Digestible Dairy Leitchfield KY

Milk may do a body good—but not every body. An estimated 30 million to 50 million Americans (about 25 percent of the population) can’t digest milk. What’s more, the American College of Allergy, Asthma, and Immunology lists cow milk as one of the most common food allergies.

Martha Gregory & Assoc., Inc.
(502) 458-4588
3010 Taylor Springs Dr
Louisville, KY
 
Billy Franklin Andrews, MD
(502) 852-3719
571 S Floyd St Ste 449
Louisville, KY
Specialties
Pediatrics, Nutrition
Gender
Male
Education
Medical School: Duke Univ Sch Of Med, Durham Nc 27710
Graduation Year: 1957

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The Medical Center At Franklin Nutrition Therapy Program
(270) 598-4800
1100 Brookhaven Rd
Franklin, KY
 
The Medical Center At Franklin Nutrition Therapy Program
(270) 598-4800
1100 Brookhaven Rd
Franklin, KY
 
Pamela J Acey
(606) 387-5711
500 Bourne Ave
Somerset, KY
Services
Diabetes Education, Nutrition Counseling, Weight Management, Diet Plan, Sports Nutrition, First Consultation, Weight Loss
Hours
Sunday:Closed
Monday:9:00 AM - 5:00 PM
Tuesday:9:00 AM - 5:00 PM
Wednesday:9:00 AM - 5:00 PM
Thursday:9:00 AM - 5:00 PM
Friday:9:00 AM - 5:00 PM
Saturday:Closed

Keth Luke DD,Jan Carter MTascp,DrLight
502-759-3832, 727-842-6788
Remote Healing and Divine Tuneups,& Astrology Guidance by Phone
Louisville, KY
Specialty
Acupressure, Akashic Records, Angel Readings, Animal Health, Aromatherapy, Astrological Counseling, Biofeedback, Channeling, Color Therapy, Craniosacral Therapy, Crystal Therapy, Distance Healing, EFT / TFT, Energy Healing, Flower Essences, Healing Touch, Herbology, Iridology, Kinesiology, Laser Therapy, Life Coaching, Light Therapy, Magnetic Therapy, Matrix Energetics, Meditation, Metaphysics, Nutrition, Polarity Therapy, Pranic Healing, Raindrop Therapy, Reiki, Remote Healing, Shamanic Healing
Associated Hospitals
House of Grace Healing Aloha Sanctuary

Rl Nutrition Services
(606) 215-6352
475 N Highway 25 W
Williamsburg, KY
 
Rl Nutrition Services
(606) 215-6352
475 N Highway 25 W
Williamsburg, KY
 
Martha Gregory & Assoc., Inc.
(502) 458-4588
3010 Taylor Springs Dr
Louisville, KY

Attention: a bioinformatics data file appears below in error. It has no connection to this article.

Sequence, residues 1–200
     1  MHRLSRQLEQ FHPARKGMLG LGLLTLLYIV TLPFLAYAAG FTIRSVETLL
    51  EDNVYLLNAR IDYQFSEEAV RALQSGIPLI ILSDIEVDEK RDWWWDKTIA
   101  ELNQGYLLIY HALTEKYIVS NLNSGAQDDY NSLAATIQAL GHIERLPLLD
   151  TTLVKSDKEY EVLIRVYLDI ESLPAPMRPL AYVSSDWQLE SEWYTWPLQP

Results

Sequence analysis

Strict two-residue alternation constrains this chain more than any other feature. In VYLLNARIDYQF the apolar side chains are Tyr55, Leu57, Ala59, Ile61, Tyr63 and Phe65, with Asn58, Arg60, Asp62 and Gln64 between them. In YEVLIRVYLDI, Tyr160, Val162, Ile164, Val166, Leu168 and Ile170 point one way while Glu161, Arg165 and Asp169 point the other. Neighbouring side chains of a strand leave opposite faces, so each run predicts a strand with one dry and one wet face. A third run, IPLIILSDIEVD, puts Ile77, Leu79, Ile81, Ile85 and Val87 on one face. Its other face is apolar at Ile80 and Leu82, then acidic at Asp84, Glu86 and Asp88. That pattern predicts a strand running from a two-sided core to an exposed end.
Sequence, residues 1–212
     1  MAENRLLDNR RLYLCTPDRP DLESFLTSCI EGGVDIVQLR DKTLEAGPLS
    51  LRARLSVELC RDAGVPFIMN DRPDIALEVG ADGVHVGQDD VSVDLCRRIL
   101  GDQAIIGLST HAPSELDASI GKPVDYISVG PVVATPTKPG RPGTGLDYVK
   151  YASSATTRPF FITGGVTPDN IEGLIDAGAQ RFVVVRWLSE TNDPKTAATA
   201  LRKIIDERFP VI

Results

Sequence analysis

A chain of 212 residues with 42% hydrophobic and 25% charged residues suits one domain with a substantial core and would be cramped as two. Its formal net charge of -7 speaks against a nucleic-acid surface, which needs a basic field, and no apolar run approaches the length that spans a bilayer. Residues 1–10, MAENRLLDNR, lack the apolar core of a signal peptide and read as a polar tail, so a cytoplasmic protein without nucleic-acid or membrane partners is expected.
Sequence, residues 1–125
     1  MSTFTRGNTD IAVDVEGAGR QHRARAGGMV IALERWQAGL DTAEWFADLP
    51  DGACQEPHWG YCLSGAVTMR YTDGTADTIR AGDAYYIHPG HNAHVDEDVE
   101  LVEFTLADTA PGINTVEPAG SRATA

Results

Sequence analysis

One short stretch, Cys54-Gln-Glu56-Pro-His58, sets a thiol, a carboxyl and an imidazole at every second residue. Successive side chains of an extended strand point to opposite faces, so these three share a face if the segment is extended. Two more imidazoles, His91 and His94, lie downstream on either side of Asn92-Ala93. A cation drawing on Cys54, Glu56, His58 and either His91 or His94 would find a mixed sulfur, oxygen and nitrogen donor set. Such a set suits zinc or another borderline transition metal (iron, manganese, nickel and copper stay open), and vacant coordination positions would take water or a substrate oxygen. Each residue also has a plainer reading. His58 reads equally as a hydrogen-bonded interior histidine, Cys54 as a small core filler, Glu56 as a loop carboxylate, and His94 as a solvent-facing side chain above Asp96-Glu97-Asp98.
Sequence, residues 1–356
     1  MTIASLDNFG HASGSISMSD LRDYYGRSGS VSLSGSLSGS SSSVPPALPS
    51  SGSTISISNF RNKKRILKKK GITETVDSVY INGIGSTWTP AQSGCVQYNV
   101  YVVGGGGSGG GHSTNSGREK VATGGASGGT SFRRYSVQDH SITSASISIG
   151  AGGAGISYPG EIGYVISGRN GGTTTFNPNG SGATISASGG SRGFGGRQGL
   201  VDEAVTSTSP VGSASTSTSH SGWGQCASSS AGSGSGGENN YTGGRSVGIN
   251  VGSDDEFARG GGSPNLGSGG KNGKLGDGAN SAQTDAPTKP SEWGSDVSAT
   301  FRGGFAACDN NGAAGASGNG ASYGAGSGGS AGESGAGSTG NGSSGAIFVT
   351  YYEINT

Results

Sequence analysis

Karen M Kinkus
(502) 852-7897
571 S Floyd St,# 100
Louisville, KY
Services
Diabetes Education, Nutrition Counseling, Weight Management, Diet Plan, Sports Nutrition, First Consultation, Weight Loss
Hours
Sunday:Closed
Monday:9:00 AM - 5:00 PM
Tuesday:9:00 AM - 5:00 PM
Wednesday:9:00 AM - 5:00 PM
Thursday:9:00 AM - 5:00 PM
Friday:9:00 AM - 5:00 PM
Saturday:Closed

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Delicious and Digestible Dairy

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By Christine Spehar

Milk may do a body good—but not every body. An estimated 30 million to 50 million Americans (about 25 percent of the population) can’t digest milk. What’s more, the American College of Allergy, Asthma, and Immunology lists cow milk as one of the most common food allergies. Why does this supposedly wholesome food leave some people crying foul while others cry simply for a cookie to dunk in it?

The most widely known reason: lactose intolerance. People who produce insufficient amounts of the enzyme lactase can’t break down lactose (the major sugar in milk) into simpler, easily absorbable forms. The lactose then travels undigested through the gut where bacteria have a heyday with it. The result? Cramps, gas, bloating, the runs, and even nausea. Fermented products like yogurts and cheese, especially dry ones, contain less lactose, making them easier to digest.

Some people also have trouble digesting the long chains of fatty acids in cow milk. As a rule of thumb, “shorter-chained essential fatty acids are more easily absorbed into the blood and transported to body tissues as compared to longer-chain fatty acids,” says Wisconsin-based nutritionist Shereen Jegtvig, CNS.

Finally, allergic reactions to the milk protein casein also trigger problems in susceptible individuals. According to the National Digestive Diseases Information Clearinghouse, many people mistake cow-milk allergy for lactose intolerance because they manifest in similar stomach woes, but the two are not, in fact, related. Interestingly, milks from other animals often contain differently structured forms of casein, which may not set off allergic reactions. “The amino acid sequences of goat, sheep, and other animal milks are different from cow milk,” says Jegtvig. “A person whose immune system views cow casein as an enemy may not react badly to other animal’s casein because it ‘looks’ different.”

The amount of lactose in a milk and the length of the fatty acid chains vary with the type of milk as well. If cow milk doesn’t sit well with you, before giving up on cereal, smoothies, and milk-dipped cookies, you may want to try these alternatives. Keep in mind that while they may solve dairy digestion problems for some, others may still not tolerate them and need to try options like nut and grain milks to get their “dairy” fix.

Help from nanny
Goat milk tends to be more stomach-friendly than cow milk because it contains smaller-chain fatty acids and less lactose. Plus, says Jegtvig, since the casein is shaped differently, “many people with cow milk allergies can tolerate goat milk.” Nutritionally, goat milk stands out as well, with 1 cup boasting 327 mg of calcium and 498 grams of potassium (compared to 276 mg calcium and 349 grams potassium in cow milk). Goat milk can also help alkalize bodies made overly acidic from diets high in processed foods and red meat. That’s important because “chronic metabolic acidosis has been associated with mineral loss in bones, ...

Author: Christine Spehar

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